Before mobile freemium cash-ins, licensed games were full-fledged affairs made to compete with Mario and Mega Man. Games based on TV shows like Home Improvement sold at full retail price and were expected to stack up against original IPs; sometimes, the licensed games even outperformed the originals.
Here’s some of our picks for the best licensed games on the SNES from TV, comics and movies. Some of these games are comparable to the industry icons that inspired them, and the others are a completely unique experience drawing upon an established franchise for a basis.
10. Beavis and Butt-Head
The art style and line work of the Beavis and Butt-Head cartoon lend itself well to the 16-bit era. This SNES title looks like a pixelization of the cartoon itself, and it does a great job of capturing the feel of the show.
There’s a little more action here, as Beavis and Butt-Head actually get off the couch for once. They need to get to a concert for their favorite band, GWAR, and they have to skateboard through a lot of townsfolk to do it.
Beavis and Butt-Head has a bit of platforming, a bit of puzzles, a bit of combat, and some genuine humor. It’s even better with a second player. Sometimes, simple is better.
9. Biker Mice from Mars
There are two main types of racing games on the SNES. There’s mode-seven third-person racing, like Mario Kart and F-Zero. Then, there’s isometric racing, like Rock ‘n Roll Racing and Biker Mice from Mars.
Biker Mice might seem rudimentary now that we have racing games with 3D graphics, but this game still holds up very well. Once you get used to the isometric view and the D-pad controls, it’s really fun to use attacks and items to thwart the other racers. The show is often criticized for being a derivative cash grab, but the game has earned its praise.
8. True Lies
Watch out, Hotline Miami, here comes True Lies for the Super Nintendo. But seriously, this is a solid top-down shooter reminiscent of Zombies Ate My Neighbors with slower, methodical action.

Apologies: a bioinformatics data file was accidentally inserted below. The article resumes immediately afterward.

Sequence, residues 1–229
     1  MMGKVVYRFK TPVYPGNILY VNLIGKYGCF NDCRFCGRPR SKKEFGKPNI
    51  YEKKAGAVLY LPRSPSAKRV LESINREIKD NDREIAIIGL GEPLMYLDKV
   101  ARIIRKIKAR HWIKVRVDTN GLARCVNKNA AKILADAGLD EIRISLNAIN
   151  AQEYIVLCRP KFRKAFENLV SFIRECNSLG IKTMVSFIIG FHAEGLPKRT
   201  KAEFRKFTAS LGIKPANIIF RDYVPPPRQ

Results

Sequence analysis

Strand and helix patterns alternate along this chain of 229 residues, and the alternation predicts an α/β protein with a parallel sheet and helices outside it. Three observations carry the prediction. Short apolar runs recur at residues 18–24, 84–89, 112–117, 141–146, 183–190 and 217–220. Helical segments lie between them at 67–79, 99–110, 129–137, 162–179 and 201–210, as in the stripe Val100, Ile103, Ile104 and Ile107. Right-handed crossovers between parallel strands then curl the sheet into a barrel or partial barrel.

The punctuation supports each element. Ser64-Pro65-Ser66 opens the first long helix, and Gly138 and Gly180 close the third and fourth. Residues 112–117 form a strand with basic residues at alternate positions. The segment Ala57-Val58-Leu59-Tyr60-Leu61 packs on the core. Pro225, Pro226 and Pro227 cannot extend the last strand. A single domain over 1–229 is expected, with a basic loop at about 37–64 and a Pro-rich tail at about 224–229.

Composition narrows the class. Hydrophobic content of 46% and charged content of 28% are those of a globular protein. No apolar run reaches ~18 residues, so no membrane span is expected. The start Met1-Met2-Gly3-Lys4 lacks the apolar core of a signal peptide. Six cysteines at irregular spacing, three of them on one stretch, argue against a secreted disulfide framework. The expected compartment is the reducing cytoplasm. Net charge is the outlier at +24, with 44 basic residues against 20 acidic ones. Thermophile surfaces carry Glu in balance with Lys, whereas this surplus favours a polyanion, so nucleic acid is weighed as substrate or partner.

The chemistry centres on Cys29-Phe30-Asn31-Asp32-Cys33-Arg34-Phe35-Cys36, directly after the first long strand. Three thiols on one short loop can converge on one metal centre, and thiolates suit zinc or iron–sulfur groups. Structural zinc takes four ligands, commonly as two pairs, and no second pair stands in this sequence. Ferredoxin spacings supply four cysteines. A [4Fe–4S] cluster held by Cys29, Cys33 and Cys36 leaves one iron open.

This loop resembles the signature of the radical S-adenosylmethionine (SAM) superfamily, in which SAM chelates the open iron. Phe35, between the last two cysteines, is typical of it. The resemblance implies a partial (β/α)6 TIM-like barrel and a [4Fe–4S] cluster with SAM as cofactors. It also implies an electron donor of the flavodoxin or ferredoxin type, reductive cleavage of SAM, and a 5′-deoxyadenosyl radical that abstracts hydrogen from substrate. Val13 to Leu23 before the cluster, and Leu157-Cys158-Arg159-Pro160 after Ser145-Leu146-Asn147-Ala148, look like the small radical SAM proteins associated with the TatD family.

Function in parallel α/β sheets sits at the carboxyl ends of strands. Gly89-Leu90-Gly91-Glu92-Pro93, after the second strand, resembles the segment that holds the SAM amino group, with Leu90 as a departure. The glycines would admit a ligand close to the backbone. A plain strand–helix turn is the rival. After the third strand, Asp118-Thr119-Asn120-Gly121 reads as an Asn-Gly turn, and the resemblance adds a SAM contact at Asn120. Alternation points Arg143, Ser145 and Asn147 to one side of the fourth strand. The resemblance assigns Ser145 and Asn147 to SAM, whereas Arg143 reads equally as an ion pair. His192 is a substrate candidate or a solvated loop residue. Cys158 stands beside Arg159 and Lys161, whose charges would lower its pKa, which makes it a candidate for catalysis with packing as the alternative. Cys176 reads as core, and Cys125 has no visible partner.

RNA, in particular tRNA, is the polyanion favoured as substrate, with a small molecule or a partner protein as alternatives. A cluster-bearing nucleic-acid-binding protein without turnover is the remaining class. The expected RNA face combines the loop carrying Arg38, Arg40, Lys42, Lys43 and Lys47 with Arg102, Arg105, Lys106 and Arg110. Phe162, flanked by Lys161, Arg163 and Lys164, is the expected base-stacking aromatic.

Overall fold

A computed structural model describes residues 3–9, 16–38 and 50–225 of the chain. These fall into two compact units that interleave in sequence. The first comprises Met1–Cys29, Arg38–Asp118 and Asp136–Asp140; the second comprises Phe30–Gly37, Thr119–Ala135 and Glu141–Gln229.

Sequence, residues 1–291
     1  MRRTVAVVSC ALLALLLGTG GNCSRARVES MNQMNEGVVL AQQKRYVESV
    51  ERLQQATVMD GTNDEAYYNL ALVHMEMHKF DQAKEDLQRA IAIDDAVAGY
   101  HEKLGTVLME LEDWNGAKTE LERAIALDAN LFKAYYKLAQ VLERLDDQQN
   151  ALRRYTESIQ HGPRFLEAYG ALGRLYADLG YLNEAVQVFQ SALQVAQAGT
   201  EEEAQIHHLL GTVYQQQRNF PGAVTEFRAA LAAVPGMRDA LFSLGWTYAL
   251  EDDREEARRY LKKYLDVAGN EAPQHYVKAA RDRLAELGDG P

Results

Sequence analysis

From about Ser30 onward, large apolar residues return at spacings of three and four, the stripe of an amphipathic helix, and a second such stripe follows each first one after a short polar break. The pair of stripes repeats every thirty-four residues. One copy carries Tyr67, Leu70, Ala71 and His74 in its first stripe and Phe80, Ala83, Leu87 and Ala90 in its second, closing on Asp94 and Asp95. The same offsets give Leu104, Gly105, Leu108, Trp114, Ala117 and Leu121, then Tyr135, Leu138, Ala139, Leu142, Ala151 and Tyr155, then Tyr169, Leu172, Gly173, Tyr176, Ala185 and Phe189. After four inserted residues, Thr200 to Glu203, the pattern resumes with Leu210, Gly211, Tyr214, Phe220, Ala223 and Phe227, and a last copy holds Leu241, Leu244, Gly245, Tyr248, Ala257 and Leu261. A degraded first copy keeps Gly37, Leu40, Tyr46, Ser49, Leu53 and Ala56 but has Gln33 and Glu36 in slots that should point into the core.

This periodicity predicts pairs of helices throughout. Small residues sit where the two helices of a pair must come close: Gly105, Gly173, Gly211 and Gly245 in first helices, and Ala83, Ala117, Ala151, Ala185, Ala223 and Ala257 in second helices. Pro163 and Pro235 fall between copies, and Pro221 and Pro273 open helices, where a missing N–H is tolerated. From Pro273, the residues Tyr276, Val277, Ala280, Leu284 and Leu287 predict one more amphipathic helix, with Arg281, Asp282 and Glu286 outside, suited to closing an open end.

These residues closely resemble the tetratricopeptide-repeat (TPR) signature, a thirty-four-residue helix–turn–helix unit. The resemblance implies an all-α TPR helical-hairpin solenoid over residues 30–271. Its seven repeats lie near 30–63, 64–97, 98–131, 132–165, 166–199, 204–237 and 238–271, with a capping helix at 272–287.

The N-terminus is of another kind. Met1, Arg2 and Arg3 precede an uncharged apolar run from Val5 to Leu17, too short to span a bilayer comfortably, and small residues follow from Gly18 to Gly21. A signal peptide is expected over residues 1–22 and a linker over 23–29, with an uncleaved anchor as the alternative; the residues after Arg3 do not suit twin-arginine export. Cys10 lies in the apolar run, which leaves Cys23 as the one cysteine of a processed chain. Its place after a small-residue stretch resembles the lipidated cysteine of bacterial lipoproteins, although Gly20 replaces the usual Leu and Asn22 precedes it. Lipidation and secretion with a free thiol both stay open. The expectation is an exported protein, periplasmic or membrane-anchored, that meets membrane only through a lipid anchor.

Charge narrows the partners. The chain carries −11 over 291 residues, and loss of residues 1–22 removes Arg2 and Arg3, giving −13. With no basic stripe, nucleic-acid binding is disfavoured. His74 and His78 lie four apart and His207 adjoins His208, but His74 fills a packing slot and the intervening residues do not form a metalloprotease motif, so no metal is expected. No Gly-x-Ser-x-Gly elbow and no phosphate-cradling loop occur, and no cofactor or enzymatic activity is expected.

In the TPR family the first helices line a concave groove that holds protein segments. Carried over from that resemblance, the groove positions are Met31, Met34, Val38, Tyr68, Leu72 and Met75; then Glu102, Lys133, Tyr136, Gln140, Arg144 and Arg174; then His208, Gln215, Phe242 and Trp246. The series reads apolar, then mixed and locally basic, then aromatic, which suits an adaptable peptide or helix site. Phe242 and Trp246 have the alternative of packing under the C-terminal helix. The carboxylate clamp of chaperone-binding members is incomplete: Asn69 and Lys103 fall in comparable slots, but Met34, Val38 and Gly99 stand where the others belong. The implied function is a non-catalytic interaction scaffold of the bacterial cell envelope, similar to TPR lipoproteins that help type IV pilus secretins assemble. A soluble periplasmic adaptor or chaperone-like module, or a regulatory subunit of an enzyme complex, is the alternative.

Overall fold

The graphics and music aren’t anything to write home about. The game is also only somewhat accurate to the movie.. But guess what? None of that matters when you’ve got nine stages of solid, strategic, action-y fun. Plus, you get to look at a little pixelated picture of Schwarzenegger’s face the whole time.
7. Goof Troop
Goofy and Max have to solve puzzles, eat fruit, and throw barrels into enemies in this action-puzzle game. Even though it’s a bit short and simple, Goof Troop is one of the best co-op games on the SNES.
It received mediocre reviews upon its release, but nowadays is considered a classic. Modern reviewers have heaped plenty of praise on the title.
Goof Troop was also one of the first games designed by Shinji Mikami, who later went on to direct Resident Evil, Dino Crisis, God Hand and many other masterpieces.
6. Disney’s Aladdin
This is a pure platformer, and it does everything well. This Capcom game was released around the same time as a Genesis version made by Virgin Games. They’re both pretty different, but the SNES one tends to win by a slight margin when it comes to reviews.
The gameplay, graphics, and sound are all perfect. Capcom knocked it out of the park, with all seven stages being equal levels of fun. There are no bad segments in this title, and it’s even worth playing if you’ve never seen the movie.